The market anticipates there will be a surplus at Cushing for a long time. Even though Brent is in Backwardation it is still at a premium to NYMEX a year out. (see maroon line in NYMEX & Brent Strip graphs).


NYMEX and Brent futures markets anticipate flat or lower prices. With the expectation of lower or even flat prices there is no incentive to maintain higher than normal stocks of crude oil, but total inventories are higher than last year and near the level of 2009. As we noted a month ago, when Cushing stocks are removed the picture is very different. Stocks without Cushing are low relative to 2009 and about the same as 2010.


Stocks, excluding Cushing, are rising as they do in the Spring, but probably not to usual levels. We expect the industry to maintain lower stocks than in the last two years. However, if the economy weakens they could rise with weaker demand.

Looking at the East Coast region (PADD 1 in DOE-speak), in the last few weeks stocks are up to last year's level, but there are some refineries down for maintenance. Refinery input is up about 400,000 barrels per day or 3 million barrels per week of refinery capacity is back on line, but East Coast crude inputs are still 200,000 less than in 2009 and 2008. If the refiners were near normal the stocks would be below the last two years.

In the Gulf Coast Region (PADD 3), stocks are up. We put this down to weaker demand.

The West Coast Region (PADD 5) is up to last years level and we expect a more seasonal increases.

Low to flat price expectations should make refiners cautious about holding more crude than they need. Low crude stocks in in most of the U.S. could send a false bullish signal to the market. In other words, it may not be lack of supply but prudent inventory management.

In this week's report demand was down 5.8% from the same week last year with gasoline use off 3.7%.

Price Alert

Bearish
data  (lower consumption, higher petroleum stocks and high initial jobless claims for unemployment) have oil down another $6.00 per barrel so far today. Perhaps some of the speculative money is coming out of the futures market.  Relative to the fundamental data there is still a $20-$30 per barrel risk/speculative premium in the price.  The lowest level of weekly consumption since early November 2009 is not a number to be ignored.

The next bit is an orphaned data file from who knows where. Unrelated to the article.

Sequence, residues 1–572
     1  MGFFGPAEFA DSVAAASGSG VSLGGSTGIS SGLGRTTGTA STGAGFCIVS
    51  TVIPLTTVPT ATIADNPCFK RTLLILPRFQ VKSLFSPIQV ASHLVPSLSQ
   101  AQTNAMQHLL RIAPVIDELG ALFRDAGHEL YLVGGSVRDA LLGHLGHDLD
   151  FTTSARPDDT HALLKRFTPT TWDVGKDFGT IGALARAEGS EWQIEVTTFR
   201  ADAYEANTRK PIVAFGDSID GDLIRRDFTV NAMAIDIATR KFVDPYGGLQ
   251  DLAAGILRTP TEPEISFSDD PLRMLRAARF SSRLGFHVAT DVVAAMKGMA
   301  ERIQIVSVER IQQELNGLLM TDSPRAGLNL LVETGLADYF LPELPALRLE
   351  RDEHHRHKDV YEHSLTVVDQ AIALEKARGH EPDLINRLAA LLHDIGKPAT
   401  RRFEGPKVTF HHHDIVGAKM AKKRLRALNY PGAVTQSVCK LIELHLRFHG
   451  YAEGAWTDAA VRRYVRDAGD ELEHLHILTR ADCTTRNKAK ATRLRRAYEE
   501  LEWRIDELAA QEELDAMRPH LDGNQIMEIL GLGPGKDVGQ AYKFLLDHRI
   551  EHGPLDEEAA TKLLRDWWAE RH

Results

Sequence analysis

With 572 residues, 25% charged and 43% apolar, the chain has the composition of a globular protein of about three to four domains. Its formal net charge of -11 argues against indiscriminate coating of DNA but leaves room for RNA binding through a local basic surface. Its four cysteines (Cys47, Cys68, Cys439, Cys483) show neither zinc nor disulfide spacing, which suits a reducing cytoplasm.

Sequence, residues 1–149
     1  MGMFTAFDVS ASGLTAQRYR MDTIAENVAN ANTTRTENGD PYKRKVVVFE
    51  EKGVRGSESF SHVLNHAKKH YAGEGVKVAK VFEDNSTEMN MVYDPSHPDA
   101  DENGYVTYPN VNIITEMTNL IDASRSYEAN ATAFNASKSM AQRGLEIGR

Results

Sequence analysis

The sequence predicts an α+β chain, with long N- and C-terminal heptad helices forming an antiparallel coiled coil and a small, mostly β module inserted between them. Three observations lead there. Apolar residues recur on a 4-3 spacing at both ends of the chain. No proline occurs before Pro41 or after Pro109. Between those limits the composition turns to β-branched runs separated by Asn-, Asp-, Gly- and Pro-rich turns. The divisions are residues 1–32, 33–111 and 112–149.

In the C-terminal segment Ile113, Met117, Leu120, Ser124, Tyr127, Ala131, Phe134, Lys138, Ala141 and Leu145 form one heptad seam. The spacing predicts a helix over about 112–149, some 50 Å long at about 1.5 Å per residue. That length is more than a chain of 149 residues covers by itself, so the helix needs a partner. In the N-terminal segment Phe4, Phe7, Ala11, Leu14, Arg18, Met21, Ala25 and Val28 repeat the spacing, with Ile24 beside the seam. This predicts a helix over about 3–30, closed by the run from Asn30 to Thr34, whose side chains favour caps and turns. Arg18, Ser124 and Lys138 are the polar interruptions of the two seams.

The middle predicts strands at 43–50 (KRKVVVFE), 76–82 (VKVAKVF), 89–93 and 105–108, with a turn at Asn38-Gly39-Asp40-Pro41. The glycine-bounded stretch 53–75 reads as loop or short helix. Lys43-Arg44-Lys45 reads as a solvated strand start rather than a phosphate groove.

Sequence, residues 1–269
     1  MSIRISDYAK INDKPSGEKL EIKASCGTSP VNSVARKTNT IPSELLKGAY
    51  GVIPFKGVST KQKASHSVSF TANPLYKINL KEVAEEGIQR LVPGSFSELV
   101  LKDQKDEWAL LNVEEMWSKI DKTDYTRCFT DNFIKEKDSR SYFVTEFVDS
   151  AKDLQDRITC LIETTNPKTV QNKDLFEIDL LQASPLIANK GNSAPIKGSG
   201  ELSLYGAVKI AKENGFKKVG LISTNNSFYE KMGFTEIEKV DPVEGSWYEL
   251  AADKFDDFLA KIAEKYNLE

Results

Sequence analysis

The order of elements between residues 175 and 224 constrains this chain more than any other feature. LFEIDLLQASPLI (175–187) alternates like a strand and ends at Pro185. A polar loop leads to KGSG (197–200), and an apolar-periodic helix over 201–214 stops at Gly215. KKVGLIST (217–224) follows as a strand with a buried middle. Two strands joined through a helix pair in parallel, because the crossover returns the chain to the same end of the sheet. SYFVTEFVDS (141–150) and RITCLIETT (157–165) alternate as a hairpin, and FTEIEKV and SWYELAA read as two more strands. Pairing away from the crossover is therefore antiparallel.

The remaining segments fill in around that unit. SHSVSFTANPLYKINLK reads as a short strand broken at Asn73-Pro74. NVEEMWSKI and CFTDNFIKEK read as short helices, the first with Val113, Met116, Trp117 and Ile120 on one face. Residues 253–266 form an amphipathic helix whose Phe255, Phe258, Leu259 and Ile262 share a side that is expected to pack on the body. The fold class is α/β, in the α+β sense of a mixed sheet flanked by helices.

EIA Weekly Report

In this week's EIA report stocks were bearish for crude when viewed from the weekly data, but bullish for gasoline relative to crude in the short term.

Petroleum consumption fell 1.256 million barrels per day to 18.332 million b/d.  The 4-week average was 19.113 million up 265,000 b/d from a year ago. The weekly data is notoriously volatile and the more stable 4-week average is generally a better indicator. However, the lowest level of weekly consumption since early November 2009 is not a number to be ignored.


The high price of gasoline is taking a bite out of consumers pocket books and consumption is down. Gasoline consumption for the week is down 205,000 b/d at 8.943 million b/d and down 339,000 b/d from last year. The 4-week average gasoline consumption at 9.084 million b/d is 255,000 b/d (1.9%) lower than last year.



Distillate consumption was up 156,000 b/d for the week at 3.893 million b/d. The 4-week average of 3.886 is 251,000 b/d (6.9%) higher than a year ago. If the 4-week average drops below last year we will take it as a bearish indicator of the economy as most goods move by diesel powered truck. We have seen diesel consumption overstated in the weekly reports before when diesel exports were underestimated and the higher exports showed up in lower domestic consumption.


Petroleum stock coverage (number of days of crude and product inventory on hand) at 54.5 days is still above the April average of 52.6.  If we remove the excess barrels at Cushing, days coverage is about normal and neutral to bearish.

NYMEX Prices for May 4, 2011
NYMEX Light Sweet Crude -1.81
$109.24
ICE Brent -1.26
$121.19
RBOB Gasoline NY Harbor -0.0069
$3.3225
Heating Oil NY Harbor -0.0478
$3.1430
NYMEX Natural Gas -0.093
$4.577









You can view more detailed graphs at the following links:

U.S. Petroleum Refining, Consumption, Imports, Stocks


Monthly 1973 - Present



Monthly 1995 - Present



Weekly / Monthly Data Comparison


Weekly Report and Graphs



Total Petroleum

Crude Oil & Refining
Gasoline
Jet Fuel

Distillates

Residual Fuel Oil



Weekly Petroleum Report and Graphs

Graphs:
Production ( by PADD )
Explanation of PADDs
Crude Oil Production & Refinery Inputs and Utilization
Gasoline Production
Jet Fuel Production
Distillate and Residual Fuel Production
Stocks ( by PADD with detail for PADD 1 ) 
Crude Oil Stocks
Gasoline Stocks
Jet Fuel Stocks
Distillate and Residual Fuel Stocks
Residual & Other Fuel and Total Petroleum Stocks
Imports
Imports - Crude Oil & Product
Consumption
 Products Supplied [Apparent Consumption]
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Copyright © 2011
James L. Williams
WTRG Economics
(479) 293-4081